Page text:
It started out great.  A small handful of beans landed on the shower curtain that I placed under the sensory table.  No biggie, I thought proudly to myself…..And then another handful went airborne.  The tykes didn’t have a clue to my rising sense of anxiety.  They were busy scooping and pouring and listening to the beans clank and clink as they fell here and there.

I saw an article on my Facebook home page about a preschool teacher who was “brave enough” to allow the sensory materials to “spill” over into all the centers in the room.  She sounded so cool….so very very cool…..I wanted to be THAT cool…..so cool that coffee beans would be welcome in the basket with building blocks, and I bet Thomas the Train would love a taste of a coffee bean while he was on break from normal play.  I bet the tykes could whip up a delicious coffee and block soup with the beans in the kitchen area…..All these thoughts were zipping in and out of my head when, WHAMO, I got hit in the face with a tyke size fist full of coffee beans!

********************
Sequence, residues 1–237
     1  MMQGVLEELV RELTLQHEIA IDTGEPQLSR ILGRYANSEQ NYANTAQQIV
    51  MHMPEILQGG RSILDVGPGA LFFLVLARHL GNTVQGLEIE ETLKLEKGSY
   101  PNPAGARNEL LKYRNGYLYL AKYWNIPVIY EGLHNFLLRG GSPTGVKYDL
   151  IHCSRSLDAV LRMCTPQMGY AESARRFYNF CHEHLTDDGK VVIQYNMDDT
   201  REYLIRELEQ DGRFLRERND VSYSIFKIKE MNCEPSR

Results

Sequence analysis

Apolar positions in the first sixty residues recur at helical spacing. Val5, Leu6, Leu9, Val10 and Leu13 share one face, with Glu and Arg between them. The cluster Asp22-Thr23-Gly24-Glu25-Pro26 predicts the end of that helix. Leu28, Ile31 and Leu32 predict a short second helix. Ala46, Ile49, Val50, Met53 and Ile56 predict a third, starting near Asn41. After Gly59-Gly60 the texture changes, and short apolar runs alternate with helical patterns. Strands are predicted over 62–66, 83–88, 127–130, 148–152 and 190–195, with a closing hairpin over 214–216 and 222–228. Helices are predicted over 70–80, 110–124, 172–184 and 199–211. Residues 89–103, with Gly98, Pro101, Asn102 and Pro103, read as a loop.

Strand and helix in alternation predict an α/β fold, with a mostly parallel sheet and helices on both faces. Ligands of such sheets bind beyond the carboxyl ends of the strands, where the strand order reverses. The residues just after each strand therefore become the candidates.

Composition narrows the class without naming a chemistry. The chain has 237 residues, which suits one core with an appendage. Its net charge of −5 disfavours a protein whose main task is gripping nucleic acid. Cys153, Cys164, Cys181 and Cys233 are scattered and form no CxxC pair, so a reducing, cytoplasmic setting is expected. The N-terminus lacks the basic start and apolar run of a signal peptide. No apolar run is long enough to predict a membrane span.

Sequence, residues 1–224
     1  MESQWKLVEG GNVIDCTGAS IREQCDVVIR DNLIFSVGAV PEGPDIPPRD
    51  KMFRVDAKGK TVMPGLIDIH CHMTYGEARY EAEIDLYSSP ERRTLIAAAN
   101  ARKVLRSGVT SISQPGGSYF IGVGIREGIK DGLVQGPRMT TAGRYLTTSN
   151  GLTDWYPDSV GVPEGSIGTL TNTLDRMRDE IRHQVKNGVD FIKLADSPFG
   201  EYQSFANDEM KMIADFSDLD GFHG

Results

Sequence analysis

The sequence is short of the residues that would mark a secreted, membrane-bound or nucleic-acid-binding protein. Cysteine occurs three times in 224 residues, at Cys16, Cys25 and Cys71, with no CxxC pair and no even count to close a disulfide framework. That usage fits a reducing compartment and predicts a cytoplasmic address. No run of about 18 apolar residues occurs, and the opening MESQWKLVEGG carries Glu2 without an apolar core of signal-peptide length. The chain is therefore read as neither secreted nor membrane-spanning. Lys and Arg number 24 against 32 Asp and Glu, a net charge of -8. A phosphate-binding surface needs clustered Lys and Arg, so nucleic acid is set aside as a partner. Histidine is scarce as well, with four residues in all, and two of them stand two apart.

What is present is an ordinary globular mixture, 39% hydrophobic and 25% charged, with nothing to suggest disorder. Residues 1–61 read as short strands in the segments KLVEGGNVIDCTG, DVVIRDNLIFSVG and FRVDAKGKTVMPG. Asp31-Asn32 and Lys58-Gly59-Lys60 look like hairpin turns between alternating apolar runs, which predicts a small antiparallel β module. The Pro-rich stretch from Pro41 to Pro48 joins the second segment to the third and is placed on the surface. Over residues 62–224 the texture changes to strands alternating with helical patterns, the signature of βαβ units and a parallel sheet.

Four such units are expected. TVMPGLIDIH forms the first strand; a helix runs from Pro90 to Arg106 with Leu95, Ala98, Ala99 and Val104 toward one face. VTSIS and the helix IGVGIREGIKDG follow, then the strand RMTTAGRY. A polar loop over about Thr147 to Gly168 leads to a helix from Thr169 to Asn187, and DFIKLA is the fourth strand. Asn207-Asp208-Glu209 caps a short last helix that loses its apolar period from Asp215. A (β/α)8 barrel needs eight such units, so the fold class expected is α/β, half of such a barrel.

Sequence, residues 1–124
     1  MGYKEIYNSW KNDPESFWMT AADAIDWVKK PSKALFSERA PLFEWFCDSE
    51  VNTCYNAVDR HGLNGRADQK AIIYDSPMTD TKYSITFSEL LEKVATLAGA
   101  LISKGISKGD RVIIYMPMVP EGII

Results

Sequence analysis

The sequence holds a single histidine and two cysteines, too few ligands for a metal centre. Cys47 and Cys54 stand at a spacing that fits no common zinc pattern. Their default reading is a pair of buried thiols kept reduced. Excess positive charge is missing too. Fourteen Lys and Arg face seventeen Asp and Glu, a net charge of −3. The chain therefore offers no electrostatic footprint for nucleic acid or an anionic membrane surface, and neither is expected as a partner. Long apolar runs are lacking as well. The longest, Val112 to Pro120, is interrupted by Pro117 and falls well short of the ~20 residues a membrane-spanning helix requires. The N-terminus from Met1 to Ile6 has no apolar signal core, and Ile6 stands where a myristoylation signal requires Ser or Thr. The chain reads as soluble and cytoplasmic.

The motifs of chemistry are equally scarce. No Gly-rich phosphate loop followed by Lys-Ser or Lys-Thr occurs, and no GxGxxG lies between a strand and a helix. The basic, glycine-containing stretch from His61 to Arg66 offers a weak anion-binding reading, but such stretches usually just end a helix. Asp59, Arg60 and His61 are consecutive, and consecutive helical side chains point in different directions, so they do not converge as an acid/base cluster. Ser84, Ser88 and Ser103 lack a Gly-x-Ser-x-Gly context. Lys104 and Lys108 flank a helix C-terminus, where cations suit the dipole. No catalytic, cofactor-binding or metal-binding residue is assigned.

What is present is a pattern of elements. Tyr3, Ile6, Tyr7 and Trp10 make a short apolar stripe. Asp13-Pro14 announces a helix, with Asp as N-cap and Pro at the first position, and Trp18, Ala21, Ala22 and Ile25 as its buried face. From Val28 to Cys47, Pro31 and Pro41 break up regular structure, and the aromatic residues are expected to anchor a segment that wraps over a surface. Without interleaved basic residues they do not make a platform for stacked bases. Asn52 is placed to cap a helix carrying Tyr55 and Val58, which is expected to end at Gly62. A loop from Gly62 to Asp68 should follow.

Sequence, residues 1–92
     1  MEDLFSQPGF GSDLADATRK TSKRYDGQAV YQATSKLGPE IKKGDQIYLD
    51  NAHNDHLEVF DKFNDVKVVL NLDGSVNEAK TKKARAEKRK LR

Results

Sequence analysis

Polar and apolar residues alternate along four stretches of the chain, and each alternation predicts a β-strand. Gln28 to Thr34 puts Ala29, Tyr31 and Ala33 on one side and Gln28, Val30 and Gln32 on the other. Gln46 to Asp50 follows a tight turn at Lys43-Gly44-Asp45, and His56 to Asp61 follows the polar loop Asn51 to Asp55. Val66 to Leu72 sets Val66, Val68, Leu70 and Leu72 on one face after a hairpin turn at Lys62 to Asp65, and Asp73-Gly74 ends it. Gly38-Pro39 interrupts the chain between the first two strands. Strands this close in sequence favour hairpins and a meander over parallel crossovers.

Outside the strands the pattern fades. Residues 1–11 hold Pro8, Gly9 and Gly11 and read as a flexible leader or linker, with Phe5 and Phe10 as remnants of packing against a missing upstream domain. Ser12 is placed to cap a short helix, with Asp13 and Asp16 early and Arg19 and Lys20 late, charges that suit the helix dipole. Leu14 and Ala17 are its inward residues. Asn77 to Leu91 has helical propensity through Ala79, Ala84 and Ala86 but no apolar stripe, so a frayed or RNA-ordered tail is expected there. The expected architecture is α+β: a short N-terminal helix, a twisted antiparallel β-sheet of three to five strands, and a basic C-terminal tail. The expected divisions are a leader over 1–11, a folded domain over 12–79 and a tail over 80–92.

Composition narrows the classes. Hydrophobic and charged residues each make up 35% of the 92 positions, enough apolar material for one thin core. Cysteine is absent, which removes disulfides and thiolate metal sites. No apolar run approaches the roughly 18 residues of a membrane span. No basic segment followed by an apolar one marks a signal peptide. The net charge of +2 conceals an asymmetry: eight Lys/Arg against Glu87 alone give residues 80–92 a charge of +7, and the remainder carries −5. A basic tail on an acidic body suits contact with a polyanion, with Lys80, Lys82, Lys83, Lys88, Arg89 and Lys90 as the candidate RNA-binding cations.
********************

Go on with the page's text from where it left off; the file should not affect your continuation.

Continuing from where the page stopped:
There were beans EVERYWHERE…..it looked like a bunny convention had invaded The Patch and they all left their little presents everywhere….EVERYWHERE….I was beginning to lose sight of the goal to be THAT teacher…….but…….I held it together.